Because this is 2020, the New York Times had to do a Cletus safari to my very own high school, interviewing several people who went there a few years after I did. My sister remembers Jamie Denison well as the friendly cute boy with the always perfectly feathered hair, who often sat next to her in class because of alphabetical seating charts:
Mr. Trump’s handling of the coronavirus has done nothing to dent his appeal for Mr. Denison, who often repeats some of the conspiracy theories trafficked by some of the president’s followers. “It is tragic that a man-made, intentionally released, politically motivated virus has taken innocent lives,” he said. “It is even more tragic that the same people responsible for creating and releasing it are still trying to use it to win the upcoming election.”
This barking lunacy is presented as just another one of those odd things good-hearted ordinary — aka white, Republican — people in Flyover believe.
Denison is keeping his four children in racially diverse (although often heavily segregated by neighborhood) Kalamazoo, instead of fleeing to the lily-white surrounding small towns, because of the Kalamazoo Promise: a remarkable program that the piece mentions but doesn’t really describe.
Set up 15 years ago by anonymous donors — some extraordinarily wealthy people are from Kalamazoo, including various scions of pharmaceutical and medical supply fortunes who have shown up on a number of Forbes 400 lists — the Kalamazoo Promise is a trust fund that pays the the full tuition cost of attending any public college or university in the state of Michigan to any child who attends the city’s public schools from kindergarten on. (Children who attend for shorter periods get a graduated but still very substantial benefit — 95% of full tuition for children who attend from third grade on for instance). ETA: The program has now been expanded to cover private colleges and universities as well.
Given that annual in-state undergraduate tuition at, for example, the University of Michigan now runs $16,000-$18,000, this is quite an incentive for even right wing nut cases to continue to send their kids to school with Those People.
Speaking of which, here’s Cass Sunstein doing yeoman’s work for the never-ending elite project of converting contemporary America right wing radicalism, aka the Republican party, into something far less disturbing to the mental equilibrium of your average Harvard Law School professor than it ought to be:
A well-functioning democracy requires at least two parties, armed with different ideas and approaches. If Republicans lose the White House to Democratic nominee Joe Biden, what ideas and approaches should they champion?
Many Republicans might want to go back to basics and recover some of the foundations of conservative thought, as laid out by such thinkers as Edmund Burke, Michael Oakeshott and Russell Kirk. They might not be eager to seek advice from anyone who is not a trusted conservative. But one of the most clarifying accounts of the conservative tradition comes from a remarkable book, “The Rhetoric of Reaction,” written by the economist Albert Hirschman in 1991. . .
Hirschman divided the objections to progressive reforms into three different categories: perversity, futility and jeopardy.
Of these, the most effective is the perversity argument. The basic claim is that many seemingly appealing reforms are self-defeating; they hurt the very people they are supposed to help. Societies are systems, and if you interfere with one part of them, you might not like what happens.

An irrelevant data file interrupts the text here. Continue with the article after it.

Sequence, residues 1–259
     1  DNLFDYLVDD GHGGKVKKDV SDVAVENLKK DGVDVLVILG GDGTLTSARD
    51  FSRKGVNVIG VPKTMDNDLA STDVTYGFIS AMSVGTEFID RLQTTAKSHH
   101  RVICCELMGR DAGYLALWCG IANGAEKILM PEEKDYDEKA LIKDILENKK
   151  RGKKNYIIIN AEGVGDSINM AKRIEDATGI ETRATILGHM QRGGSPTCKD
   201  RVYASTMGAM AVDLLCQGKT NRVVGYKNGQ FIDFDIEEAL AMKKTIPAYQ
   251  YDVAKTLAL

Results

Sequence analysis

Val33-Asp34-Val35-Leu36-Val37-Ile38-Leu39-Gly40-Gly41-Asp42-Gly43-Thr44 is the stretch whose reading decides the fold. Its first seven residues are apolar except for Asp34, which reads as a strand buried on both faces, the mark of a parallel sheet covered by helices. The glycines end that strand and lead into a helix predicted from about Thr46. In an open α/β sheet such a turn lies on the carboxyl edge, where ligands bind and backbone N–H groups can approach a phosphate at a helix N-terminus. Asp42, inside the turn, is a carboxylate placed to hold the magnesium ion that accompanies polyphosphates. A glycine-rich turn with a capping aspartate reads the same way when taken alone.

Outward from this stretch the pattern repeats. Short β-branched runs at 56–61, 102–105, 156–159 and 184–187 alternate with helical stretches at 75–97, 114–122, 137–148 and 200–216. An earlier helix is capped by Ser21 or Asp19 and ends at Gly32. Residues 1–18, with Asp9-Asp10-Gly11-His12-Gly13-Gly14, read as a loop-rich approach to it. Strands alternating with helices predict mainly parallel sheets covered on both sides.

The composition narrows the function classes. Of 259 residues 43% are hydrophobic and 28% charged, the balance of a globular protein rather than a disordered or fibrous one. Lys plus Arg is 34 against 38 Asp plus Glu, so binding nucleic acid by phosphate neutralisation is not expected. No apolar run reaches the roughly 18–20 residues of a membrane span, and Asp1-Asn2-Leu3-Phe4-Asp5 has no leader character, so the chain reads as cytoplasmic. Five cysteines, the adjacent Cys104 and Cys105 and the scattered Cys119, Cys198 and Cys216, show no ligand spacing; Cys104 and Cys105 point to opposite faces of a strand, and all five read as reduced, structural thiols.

Suppose that in an effort to help the working poor, you increase the federal minimum wage to $15 (as Biden is promising to do). The objection is that by doing that, you’ll actually hurt the working poor — because employers won’t be able to hire as many people, meaning that a lot of working people will find themselves priced out of a job.
The claim that a policy has perverse effects does not question the goals of the reformers. It merely doubts their means. It suggests that reformers are clueless. They don’t see that things bite back — and that many public-spirited changes to the status quo end up biting the most vulnerable members of society.
Sunstein goes on to argue that progressives need to remember that conservatives really want to help the poor, combat climate change, etc., but that they’re just skeptical of progressive methods for pursing these admirable goals that any decent person naturally supports.
This is complete nonsense. The radical right in this country — which again is now totally synonymous with the Republican party — has zero interest in helping the poor or protecting the environment, because it’s in the grip of among other things apocalyptic Calvinism on meth (dibs on the album title).
ACOM rejects the whole idea of helping the poor via government intervention, not because government intervention has perverse effects, but because poor people deserve to be poor, and helping them is morally wrong, except via private charity, maybe.
Similarly, the Green New Deal isn’t a bad idea because it won’t work, but because climate change is a liberal hoax and Jesus is coming soon anyway. (If you think I’m being hyperbolic, welcome to America, I hope you enjoy your time here, and avoid the fried Twinkies at the state fair, they’re not worth it believe me).
The reason Even the Liberal Cass Sunstein won’t or can’t understand this is because he needs to invent an imaginary reasonable center right party that doesn’t exist in this country, because otherwise he and the rest of his pals at Harvard and Yale couldn’t in good conscience spend so much time trying to hook up their kids with clerkships for Brett Kavanaugh, Amy Coney Barrett etc etc.